My boys both have ADHD with one comorbid Tourette's and the other OCD, both spacially dysgraphic. We had a full diagnosis made by a behavioral pediatrician that took several visits over the course of a month.

I don't know about other kids, and as callous as it sounds, I don't care about other kids. I care about MY kids. Lumping all cases and people together is dangerous.

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silverhand

Thank you all so much for all of your insight. I apologize if I came on too strongly, or it sounded like I was blaming the parents for this issue. My main goal is to encourage parents to try alternatives before medicating. I do believe that ADHD is a legitimate disorder, however I have been really shocked at the type of medication given to children - especially children of really young ages - such as two years of age. A lot of my stance on this issue comes from articles like this that frightened me regarding the medication prescribed for these disorders (especially for children):

http://www.breggin.com/methylphen.html

I have had experience with children who display the symptoms of ADHD - but perhaps not to the extent that these symptoms can develop. And I don't want to be guilty of lumping all people together or blaming any specific factor.

This issue has many facets - I am aware of that. I am open to any more insights or stories to share. Your opinions are very important to me. I will keep checking in. Thanks.

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ninos

Dont you think that most of us did NOT want to put our beloved children on medication? From the stories already told none of us jumped the gun and just said "Drug my child!" It is very hard to admit that your(my) child is on medication. We all know the stigma that goes with it. Maybe your research will be better if you met some kids who are ADD/HD. Meet the parents who are struggling with these kids and so badly want to find the light at the end of the tunnel for their child. You may find a greater insight on this subject.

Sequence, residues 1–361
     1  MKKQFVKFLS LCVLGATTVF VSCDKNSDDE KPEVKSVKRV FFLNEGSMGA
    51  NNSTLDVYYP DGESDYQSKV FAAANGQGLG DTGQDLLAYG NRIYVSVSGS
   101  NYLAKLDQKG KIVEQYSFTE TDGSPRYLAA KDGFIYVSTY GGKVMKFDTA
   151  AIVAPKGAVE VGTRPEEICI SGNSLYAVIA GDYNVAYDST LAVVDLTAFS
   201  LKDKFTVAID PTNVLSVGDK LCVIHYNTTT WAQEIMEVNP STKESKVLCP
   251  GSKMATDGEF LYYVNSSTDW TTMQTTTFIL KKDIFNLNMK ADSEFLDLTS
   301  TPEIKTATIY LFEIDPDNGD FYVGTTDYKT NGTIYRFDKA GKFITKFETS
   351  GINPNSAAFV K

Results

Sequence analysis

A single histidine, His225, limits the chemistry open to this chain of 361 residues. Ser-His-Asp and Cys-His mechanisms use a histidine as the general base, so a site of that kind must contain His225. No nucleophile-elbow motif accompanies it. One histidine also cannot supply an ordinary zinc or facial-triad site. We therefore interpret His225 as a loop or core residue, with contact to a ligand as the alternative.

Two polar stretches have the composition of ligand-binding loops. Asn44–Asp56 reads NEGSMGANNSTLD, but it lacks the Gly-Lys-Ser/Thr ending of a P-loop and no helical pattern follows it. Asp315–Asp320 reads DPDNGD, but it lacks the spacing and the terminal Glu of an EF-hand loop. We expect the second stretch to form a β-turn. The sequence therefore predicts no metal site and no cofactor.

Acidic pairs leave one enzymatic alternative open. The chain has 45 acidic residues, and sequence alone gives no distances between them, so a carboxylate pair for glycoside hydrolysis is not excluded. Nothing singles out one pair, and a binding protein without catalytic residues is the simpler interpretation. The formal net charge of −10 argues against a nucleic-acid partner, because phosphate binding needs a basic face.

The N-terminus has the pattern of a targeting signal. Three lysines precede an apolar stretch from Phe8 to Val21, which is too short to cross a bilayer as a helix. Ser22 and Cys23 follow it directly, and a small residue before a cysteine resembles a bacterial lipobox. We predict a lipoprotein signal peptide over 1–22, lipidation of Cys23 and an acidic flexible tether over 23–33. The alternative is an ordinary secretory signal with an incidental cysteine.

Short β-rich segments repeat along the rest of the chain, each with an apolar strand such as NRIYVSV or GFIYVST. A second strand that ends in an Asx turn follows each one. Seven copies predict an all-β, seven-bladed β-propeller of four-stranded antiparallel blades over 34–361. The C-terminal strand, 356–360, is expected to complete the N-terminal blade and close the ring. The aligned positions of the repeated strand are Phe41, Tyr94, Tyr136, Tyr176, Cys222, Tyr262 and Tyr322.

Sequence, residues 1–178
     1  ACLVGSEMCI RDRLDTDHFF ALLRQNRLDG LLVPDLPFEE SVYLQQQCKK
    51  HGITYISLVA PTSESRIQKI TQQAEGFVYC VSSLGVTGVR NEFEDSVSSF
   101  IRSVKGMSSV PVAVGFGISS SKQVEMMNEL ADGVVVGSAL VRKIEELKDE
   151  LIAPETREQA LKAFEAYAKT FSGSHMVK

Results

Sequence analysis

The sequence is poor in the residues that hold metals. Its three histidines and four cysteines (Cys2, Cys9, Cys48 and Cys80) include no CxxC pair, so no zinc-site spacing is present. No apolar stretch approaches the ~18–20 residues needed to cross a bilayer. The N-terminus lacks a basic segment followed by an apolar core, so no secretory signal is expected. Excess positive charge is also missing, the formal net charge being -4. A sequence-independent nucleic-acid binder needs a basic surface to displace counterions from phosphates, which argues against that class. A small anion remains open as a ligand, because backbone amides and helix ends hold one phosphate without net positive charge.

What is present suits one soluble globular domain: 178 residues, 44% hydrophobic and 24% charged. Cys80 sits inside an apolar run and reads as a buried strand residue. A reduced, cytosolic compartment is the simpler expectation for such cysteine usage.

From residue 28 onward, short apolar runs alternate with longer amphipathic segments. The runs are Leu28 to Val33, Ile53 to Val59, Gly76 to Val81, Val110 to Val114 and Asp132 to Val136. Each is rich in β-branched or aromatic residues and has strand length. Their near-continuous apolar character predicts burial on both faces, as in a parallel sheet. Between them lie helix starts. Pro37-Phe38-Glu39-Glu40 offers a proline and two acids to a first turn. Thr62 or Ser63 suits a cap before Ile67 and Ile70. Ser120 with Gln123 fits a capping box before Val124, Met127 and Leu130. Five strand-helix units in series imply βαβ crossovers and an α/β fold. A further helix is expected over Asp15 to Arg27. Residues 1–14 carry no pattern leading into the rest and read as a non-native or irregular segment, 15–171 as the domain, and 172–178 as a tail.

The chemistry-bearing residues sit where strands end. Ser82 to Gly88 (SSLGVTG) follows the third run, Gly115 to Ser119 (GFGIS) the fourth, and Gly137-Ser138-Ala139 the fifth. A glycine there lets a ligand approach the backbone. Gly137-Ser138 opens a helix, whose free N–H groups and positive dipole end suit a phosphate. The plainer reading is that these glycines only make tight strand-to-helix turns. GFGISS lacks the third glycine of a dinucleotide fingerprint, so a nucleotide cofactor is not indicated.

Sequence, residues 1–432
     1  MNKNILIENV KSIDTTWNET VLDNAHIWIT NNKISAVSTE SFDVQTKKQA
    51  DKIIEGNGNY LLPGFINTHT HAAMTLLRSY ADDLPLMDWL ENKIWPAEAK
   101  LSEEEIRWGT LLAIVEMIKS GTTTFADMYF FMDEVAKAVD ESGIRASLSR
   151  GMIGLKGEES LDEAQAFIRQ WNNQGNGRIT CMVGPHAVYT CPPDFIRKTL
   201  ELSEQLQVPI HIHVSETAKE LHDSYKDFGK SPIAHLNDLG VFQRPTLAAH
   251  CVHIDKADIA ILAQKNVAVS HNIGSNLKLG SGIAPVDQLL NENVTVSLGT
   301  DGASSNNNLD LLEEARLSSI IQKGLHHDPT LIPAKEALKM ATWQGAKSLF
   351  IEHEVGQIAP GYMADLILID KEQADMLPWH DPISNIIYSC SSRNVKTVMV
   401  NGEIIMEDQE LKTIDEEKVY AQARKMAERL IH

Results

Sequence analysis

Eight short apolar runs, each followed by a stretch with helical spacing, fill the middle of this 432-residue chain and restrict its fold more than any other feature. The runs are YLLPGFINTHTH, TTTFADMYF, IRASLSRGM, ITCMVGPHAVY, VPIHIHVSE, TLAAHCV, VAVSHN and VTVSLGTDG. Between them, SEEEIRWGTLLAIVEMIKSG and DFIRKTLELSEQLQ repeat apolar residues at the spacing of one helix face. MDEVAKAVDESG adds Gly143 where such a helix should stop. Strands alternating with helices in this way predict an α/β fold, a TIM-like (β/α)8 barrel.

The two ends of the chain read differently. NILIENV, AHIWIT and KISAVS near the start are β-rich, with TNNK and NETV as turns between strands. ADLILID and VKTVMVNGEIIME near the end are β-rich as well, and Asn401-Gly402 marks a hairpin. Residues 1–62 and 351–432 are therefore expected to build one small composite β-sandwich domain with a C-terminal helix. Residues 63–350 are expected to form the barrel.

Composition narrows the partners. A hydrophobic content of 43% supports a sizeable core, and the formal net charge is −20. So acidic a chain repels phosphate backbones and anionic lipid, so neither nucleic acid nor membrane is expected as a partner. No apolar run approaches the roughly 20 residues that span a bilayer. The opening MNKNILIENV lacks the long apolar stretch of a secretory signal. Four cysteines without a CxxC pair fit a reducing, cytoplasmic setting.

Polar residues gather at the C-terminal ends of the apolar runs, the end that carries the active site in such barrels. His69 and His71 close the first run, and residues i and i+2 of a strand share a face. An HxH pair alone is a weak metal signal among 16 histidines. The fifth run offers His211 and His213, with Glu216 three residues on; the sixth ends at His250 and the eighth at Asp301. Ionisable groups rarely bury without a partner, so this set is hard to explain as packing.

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carla35

I have a different type of view; one that is somewhat agreeing with some of what the poster says. Obviously, I know medicines do need to be given in many cases.

But generally, I do believe the public holds doctors in way too high of a regard and trusts them a little too unconditionally. I have three relatives that are doctors so I'm not simply bashing them. I really don't think people know how many times doctors simply treat people as numbers and are often just way too willing to put them on medicines because of the push and pressure from many Pharmaceutical Companies and the pressure to give parents an answer when they may not really have one. I think the exploration/ research of why what medicine is prescribed and when would be very shocking. In dealing with some health problems myself, I can not believe the 'non professional' way in which docotrs both diagnose and prescribe medicines that more often than not, may be unneeded. I do think many medicines create so many more problems than they are often worth but these details are not even reveiwed or discussed with patients in advance. Really, how many of you had doctors who really explained all the possible problems of taking a certain medicines? I only hope when dealing with children with these problems that more than one opinion/doctor is sought out and that parents educate themselves about their kid's specific problems because doctors are not 'gods' as many people just trust them blindly and shouldn't. They should also be made very well aware of the side effects of the drugs their children are taking 'before' they pick up the medicines from the store and really be able to have enough info to have an opinion themselves (not just their doctors) about the pros and cons of taking certain medicines - they should be able to ask such questions as why a certain other medicine shouldn't be given instead, etc.

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sweeby

"But generally, I do believe the public holds doctors in way too high of a regard and trusts them a little too unconditionally. "